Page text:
TRUE TALK: Best advice I’ve ever received | North Augusta

I like baseball. With all its quirks, there’s nothing else quite like it. It’s a game where the defense holds the ball, and there is no timer.

The best hitters in the game only hit 30% of the time, and the dimensions of each stadium are different. Even if you find your team down 20 points in the bottom of the ninth with two outs, there’s still a chance to come back until that final out is made.

One of the highlights of my playing days was when my 12-year-old all-star team won the state championship to qualify for the Dixie Youth World Series. The biggest part about it for me was that because we kept progressing, we were able to keep playing baseball all summer.

There was no travel ball or fall baseball at that time. If there was, it was just a rumor from a distant utopia. Of course, I liked to play other sports, but they were really used as exercise to stay in shape for baseball season. Major League Hall of Famer Rogers Hornsby put it this way: “People ask me what I do in the winter when there’s no baseball. I’ll tell you what I do. I look out the window and wait for spring.

The most famous baseball quote generator is Hall of Fame catcher Yogi Berra – known for his sometimes deep, often confusing sound bites. He said, “Baseball is 90 percent mental, the other half is physical.” The math may not add up to that one, but the sentiment does, as baseball is often referred to as a “thinking man’s game.”

To an untrained eye, the game might seem slow and boring. Don’t let the moments of stillness fool you – there is tension. With every throw, each player has a myriad of potential liabilities depending on the outcome. With footsteps and exit speeds of over 100 mph, there’s no time to think. Blink and you’ll miss it. Another Yogi Berra gem – “Think?! How are you supposed to think and strike at the same time?”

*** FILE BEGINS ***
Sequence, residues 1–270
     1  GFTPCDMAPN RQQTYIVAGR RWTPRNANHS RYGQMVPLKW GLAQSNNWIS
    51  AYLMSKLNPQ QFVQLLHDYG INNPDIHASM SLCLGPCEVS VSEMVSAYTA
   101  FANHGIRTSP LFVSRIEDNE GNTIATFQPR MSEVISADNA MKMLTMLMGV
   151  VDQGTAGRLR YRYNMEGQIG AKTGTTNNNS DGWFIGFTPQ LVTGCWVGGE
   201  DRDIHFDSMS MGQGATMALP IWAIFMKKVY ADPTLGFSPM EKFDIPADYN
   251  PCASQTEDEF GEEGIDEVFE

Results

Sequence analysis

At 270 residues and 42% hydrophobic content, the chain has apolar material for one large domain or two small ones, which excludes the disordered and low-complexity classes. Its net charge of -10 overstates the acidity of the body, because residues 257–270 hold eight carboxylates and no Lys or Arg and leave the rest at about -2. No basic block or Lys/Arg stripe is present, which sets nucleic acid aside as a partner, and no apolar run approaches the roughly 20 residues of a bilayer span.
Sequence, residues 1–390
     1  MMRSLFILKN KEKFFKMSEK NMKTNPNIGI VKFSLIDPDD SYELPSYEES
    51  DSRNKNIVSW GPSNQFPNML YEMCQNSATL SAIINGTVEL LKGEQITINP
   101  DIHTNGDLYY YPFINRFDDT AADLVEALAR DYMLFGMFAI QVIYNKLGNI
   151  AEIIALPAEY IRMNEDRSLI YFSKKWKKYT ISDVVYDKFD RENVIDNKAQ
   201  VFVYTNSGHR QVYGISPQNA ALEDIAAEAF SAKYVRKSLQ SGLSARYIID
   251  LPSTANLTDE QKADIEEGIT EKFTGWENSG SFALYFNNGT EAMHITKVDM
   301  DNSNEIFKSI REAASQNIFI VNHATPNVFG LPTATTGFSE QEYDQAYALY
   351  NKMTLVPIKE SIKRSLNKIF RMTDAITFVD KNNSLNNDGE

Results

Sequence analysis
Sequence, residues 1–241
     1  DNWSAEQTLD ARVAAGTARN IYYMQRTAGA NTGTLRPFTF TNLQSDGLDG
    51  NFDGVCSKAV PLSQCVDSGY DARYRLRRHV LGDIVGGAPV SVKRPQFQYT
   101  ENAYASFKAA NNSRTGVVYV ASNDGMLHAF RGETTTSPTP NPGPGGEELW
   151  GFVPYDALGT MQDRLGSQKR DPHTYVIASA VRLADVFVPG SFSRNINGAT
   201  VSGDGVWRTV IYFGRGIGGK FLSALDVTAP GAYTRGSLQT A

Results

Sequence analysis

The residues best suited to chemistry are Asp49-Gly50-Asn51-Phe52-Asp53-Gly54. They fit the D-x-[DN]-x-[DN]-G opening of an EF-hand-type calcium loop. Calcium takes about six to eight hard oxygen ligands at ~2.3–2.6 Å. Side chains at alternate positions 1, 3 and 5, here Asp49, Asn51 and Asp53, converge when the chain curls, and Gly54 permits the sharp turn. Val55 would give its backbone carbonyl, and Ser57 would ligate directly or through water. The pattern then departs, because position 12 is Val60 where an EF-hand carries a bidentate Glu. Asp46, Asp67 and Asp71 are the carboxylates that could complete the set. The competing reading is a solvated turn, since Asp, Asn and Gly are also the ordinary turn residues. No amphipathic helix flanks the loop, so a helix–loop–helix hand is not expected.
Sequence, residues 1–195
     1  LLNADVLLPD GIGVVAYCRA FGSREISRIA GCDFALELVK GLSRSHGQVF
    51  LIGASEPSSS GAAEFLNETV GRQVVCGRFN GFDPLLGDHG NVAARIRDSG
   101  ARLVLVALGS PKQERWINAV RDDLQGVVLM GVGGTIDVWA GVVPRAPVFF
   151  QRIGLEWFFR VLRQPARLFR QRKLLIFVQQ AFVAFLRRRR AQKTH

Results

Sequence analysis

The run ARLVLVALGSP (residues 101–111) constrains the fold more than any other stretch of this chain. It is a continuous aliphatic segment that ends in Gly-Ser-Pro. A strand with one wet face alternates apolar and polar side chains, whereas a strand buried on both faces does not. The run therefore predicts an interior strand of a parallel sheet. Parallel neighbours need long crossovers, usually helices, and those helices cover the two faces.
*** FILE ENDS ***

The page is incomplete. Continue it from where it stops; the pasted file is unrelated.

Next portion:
To be successful in baseball, you need to know exactly what to do in every situation before it happens. Former Major League player Tommy Henrich said, “Catching a ball is fun, but knowing what to do with it after you catch it is a business.” Through discipline, training and experience, you know what to do in every situation before it happens.

The best life advice I’ve ever received reflects the key to success in baseball. My dad told me to know what I would do in any situation before I got into it. Temptation attacks us from all sides, but you can diffuse these situations by engaging in the right game before you have to. Pastor Andy Stanley has often said that who you are comes before what you do. Know who you are in Christ. Know what you will or will not do without waiting to be persuaded at the time of temptation.

I have had great successes following this advice and great failures ignoring it. Fortunately, hope is not lost in these failures – grace abounds.

“…God ​​was reconciling the world to himself in Christ, not counting the sins of people against them. And he gave us the message of reconciliation. 2 Corinthians 5:19

Just like baseball, through discipline, training, and experience, we can be prepared for any situation by filling our hearts and minds with scripture and praise. King David agreed:

“I have hidden your word in my heart so as not to sin against you. » Psalm 119:11

Jared Parker Bell is the director of TrueNorth Church in North Augusta. For more information, visit

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Jared Parker Bell is the director of TrueNorth Church in North Augusta. For more information, visit